With the servo library it really is as easy as that. The Arduino servo library takes care of the heavy lifting of converting the microsecond signals the servo needs into a simple value. The range of motion determines the values for high and low limits. In my application for fake gauges I had a range of 0-55 that took my indicator from one end of the scale to the other. As I said in my post - my servo had effectively no mass so I could jump to any angle. It would only take a few lines of code to make it slowly sweep from one position to another. I had no pressure on my servos so I can't speak of the need to refresh the signal but once my servos moved to a new position they stayed there until the next move command.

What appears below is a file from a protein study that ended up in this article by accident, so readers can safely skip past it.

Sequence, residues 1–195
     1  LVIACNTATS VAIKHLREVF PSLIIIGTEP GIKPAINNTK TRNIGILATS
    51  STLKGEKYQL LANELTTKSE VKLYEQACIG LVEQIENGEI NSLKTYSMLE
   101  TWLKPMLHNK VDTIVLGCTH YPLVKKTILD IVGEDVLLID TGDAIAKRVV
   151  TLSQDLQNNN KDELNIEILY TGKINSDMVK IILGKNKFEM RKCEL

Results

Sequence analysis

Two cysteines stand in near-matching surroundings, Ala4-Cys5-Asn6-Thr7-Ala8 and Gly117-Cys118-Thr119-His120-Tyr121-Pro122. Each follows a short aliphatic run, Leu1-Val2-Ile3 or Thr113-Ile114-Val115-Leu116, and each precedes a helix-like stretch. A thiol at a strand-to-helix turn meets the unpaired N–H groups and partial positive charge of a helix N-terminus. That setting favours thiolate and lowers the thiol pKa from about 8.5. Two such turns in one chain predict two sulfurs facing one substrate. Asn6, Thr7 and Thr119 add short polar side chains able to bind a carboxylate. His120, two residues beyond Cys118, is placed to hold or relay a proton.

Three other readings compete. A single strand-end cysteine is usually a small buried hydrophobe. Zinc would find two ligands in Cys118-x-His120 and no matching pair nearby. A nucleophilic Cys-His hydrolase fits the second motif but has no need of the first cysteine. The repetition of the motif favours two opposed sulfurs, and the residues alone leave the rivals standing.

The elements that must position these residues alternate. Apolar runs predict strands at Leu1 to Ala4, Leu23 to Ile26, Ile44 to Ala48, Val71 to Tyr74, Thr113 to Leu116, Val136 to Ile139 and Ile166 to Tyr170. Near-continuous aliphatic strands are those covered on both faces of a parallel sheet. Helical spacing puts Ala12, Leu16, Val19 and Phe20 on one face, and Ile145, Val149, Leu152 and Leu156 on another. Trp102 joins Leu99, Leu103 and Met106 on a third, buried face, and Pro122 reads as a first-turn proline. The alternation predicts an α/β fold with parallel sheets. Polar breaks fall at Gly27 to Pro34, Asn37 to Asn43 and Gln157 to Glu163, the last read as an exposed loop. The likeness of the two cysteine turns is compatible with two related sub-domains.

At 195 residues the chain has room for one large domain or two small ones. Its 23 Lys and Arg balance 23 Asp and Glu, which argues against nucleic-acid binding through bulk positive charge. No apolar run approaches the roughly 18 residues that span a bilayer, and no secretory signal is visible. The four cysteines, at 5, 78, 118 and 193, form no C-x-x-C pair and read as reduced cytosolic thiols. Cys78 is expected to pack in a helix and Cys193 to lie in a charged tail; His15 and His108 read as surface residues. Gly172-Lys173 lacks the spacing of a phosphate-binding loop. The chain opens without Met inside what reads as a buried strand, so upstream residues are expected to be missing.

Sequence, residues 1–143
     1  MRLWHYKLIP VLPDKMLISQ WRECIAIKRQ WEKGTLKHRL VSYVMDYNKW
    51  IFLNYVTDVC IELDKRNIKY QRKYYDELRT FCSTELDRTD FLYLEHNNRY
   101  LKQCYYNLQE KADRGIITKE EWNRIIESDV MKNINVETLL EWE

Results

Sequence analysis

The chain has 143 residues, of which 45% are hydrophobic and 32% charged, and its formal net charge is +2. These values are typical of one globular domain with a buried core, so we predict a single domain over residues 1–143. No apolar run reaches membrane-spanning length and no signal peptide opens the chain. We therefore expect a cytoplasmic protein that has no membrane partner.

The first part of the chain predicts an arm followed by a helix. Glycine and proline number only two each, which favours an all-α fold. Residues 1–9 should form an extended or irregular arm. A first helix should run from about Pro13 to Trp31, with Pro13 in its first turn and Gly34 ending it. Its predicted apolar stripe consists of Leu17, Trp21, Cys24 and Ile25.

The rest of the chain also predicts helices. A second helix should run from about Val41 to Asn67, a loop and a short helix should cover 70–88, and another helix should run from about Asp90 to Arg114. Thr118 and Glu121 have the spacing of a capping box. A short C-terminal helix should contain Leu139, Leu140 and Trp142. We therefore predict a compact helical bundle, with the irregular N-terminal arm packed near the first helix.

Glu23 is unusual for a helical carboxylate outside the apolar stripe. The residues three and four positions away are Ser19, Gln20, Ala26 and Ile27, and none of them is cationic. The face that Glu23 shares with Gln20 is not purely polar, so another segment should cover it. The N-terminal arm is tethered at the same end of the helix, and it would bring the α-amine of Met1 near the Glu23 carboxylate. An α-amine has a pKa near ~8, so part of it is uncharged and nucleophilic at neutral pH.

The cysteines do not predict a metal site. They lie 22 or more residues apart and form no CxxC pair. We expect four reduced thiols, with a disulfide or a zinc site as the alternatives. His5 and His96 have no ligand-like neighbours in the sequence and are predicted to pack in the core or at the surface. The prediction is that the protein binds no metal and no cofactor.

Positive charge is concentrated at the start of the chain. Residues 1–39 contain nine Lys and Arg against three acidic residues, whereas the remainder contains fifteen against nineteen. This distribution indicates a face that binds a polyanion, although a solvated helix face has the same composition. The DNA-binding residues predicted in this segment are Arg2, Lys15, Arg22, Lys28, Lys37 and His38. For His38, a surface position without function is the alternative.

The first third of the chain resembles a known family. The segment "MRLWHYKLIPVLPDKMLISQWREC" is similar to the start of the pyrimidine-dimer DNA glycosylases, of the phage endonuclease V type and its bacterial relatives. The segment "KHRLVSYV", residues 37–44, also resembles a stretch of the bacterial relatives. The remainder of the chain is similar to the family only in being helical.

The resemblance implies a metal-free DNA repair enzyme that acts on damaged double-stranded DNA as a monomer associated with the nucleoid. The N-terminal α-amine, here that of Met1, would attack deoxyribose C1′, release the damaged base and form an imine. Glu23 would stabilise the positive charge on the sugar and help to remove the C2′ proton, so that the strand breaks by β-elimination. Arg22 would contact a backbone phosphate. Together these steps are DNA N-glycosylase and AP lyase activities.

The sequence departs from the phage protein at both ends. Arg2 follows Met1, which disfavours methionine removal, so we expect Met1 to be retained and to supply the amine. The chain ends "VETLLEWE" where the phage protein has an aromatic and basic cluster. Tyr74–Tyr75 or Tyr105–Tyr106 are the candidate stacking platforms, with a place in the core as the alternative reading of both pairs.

Something like this (not perfect code/syntax but this is 95% correct)

// store random number to new position
newposition = random(1,100)

//loop to move from old position to new position
for(position = oldposition; oldposition < newposition; position++)
{
servo.write(position); // move servo one degree
delay(15); // wait .015 seconds to smooth motion (1000 = 1 second)
}

//once move is done store new position to variable for next movement
oldposition = newposition
 

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Mad Monster Maker
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Discussion Starter #10
For a bare bones pre-programmed controller, I would need the min and max servo positions that your linkage will allow.
A simple 90 degree servo arm movement would work for me. I can wrangle the mechanics and dimensions of the linkages to make it work.
 

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A simple 90 degree servo arm movement would work for me. I can wrangle the mechanics and dimensions of the linkages to make it work.
That's easy enough. You could do this with one servo and a dual arm. That would move one leg up and the other leg down simultaneously. Do you want some type of trigger or just sporadic movements?